• by buelba (701300) on Friday August 29, 2003 @01:29PM (#6826532)
    The "shrinkwrap license" we all hate is just another example of a long-standing practice by commercial operators. When you park your car, for example, a lot of times the bottom of the ticket says "By accepting this ticket you agree that our liability if your car gets hit is capped at $500," or something like that. These contracts are called "contracts of adhesion" (because they adhere to the ticket or whatever) and terms of these contracts are often found unenforceable by the courts. Any reasonable lawyer, not working for one of the sides in this issue, would say that substantial doubt surrounds the enforceability of shrinkwrap licenses in the United States.

    BUT bad people are trying to change all that. They've come up with a proposed law, called the Uniform Computer Information Transactions Act, or UCITA. UCITA would, among other things, explicitly make shrinkwrap licenses fully enforceable. This would be a very bad thing.

    UCITA is already the law in Maryland and Virginia. If you live in those states, move!

    For more information on why UCITA is bad, click here. [4cite.org] Find your state representatives here. [vote-smart.org] Tell them what you think.

  • Arrgh! (Score:3, Funny)

    by vonFinkelstien (687265) on Friday August 29, 2003 @01:41PM (#6826713)
    Pharisee: The next person who says, "Dude!" is going to be stoned!
    Person A: You said, "Dude!"
    Crowd: Stone him! Stone him!
    Person B: He said, "Dude!" too!
    Crowd: (Yells and throws stones at everyone)
  • Unenforcebale (Score:5, Interesting)

    by taustin (171655) on Friday August 29, 2003 @01:41PM (#6826719) Homepage Journal
    This took from around 3pm to around 8:30pm today. I'm just bewildered that Dell corporate policy is that users need to lie to use their new laptops, and to agree to legal agreements that it's completely impossible to have read.

    If you can't read it, legally, you can't agree to it. It is unenforceable, period. Since it is unenforceable, and invalid on its face, that means the user is bound only by Title 17 copyright law.

    Very simple situation.

    Perhaps Dell is doing it on purpose because Microsoft is forcing them to use an unacceptable EULA, and this is their way to working around it.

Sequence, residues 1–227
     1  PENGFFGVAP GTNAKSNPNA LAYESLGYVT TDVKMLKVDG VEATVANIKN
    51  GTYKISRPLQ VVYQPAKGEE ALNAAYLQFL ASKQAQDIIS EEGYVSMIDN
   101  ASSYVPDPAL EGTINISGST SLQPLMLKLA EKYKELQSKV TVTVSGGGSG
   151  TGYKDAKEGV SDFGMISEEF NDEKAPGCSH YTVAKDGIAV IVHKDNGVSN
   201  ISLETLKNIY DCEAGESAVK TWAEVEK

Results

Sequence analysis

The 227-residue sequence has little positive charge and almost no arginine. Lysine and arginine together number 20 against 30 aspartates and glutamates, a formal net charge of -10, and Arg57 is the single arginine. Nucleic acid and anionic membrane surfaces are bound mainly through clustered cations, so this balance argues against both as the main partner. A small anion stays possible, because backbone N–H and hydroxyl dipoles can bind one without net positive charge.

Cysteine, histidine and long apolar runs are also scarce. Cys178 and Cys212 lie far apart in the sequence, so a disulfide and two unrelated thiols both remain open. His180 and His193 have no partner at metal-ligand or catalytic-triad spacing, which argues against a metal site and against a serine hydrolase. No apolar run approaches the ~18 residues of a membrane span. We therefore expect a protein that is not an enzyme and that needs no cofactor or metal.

In any event, this isn't exactly a new issue. It's been well covered by contract law for decades, even centuries.

    You can't be held to an agreement you weren't allowed to understand.
  • Scary thought part 2 (Score:3, Interesting)

    by Stonent1 (594886) <stonentNO@SPAMstonent.pointclark.net> on Friday August 29, 2003 @01:53PM (#6826868) Journal
    Dell laptops support embedded HD passwords as do many other brands. They could set the EULA to refuse to unlock the HD unless you agreed. Locked drives will not even function in other computers.
  • by AgTiger (458268) on Friday August 29, 2003 @02:05PM (#6827030) Homepage
    Dogbert: "Please read me the serial number on the inside of the case of your computer."

    End User: 'But that will void my warranty.'

    Dobgert: "Call me if anything changes."

  • by Animats (122034) on Friday August 29, 2003 @02:08PM (#6827066) Homepage
    • Has this happened to you? You plunk down a pretty penny for the latest and greatest software, speed back to your computer, tear open the box, shove the CD-ROM into the computer, click on "install" and, after scrolling past a license agreement which would take at least fifteen minutes to read, find yourself staring at the following dialog box: "I agree." Do you click on the box? You probably do not agree in your heart of hearts, but you click anyway, not about to let some pesky legalese delay the moment for which you've been waiting. Is that "clickwrap" license agreement enforceable? Yes, at least in the case described below.

      decision by William C. Young, U.S. District Court Judge [haledorr.com]

    There are some painful lines in that decision, such as "Money now, terms later" is a practical way to form contracts, especially with purchasers of software."
  • by Cerlyn (202990) on Friday August 29, 2003 @02:15PM (#6827170)

    Not to brag, but I submitted this story to slashdot three years ago [slashdot.org].

    Dell has been doing this for quite some time.

  • by greymond (539980) on Friday August 29, 2003 @03:15PM (#6827829) Homepage Journal
    I agree with his frustration, but honestly, if your buying a namebrand system (especially M$ henchmen Dell) you should expect to agree to every EULA ever written for any and every version of Windows. All name brand systems pretty much have the standard "This is sold with Windows OS and you agree to all Microsoft End User Licenses by using this system because they paid us a lot of money to ship our systems with their OS and you are not smart enough to build your own and/or install something other than Windows"

    The fact that he escalted such an issue shows more of how much time he is willing to waste to prove HIS point. Thats really all this was.

    I can imagine the author thinking - Hay i'm bored so i'm gonna bitch about the most mundain part of a contract I can and see how far I can get with this, then i'll post it to slashdot where everyone hates M$ and Dell enough that it'll get posted and my website will get tons of traffic and i'll become an internet rockstar - look how 1337 I am.

    Besides - how many people "borrow" software from firends - install it, yet obviously had to agree to the EULA that came with it that told them specifically not to do that? And i'm not talking about software "piracy" in the sense of warez, i'm talking about how my aunt gets some cheeseball program and then my cousin says - hay that looks cool can I borrow that to install on my system and so she does - neither one knows/realizes they did anythign wrong - but then again - neither one has that thing called "the internet web"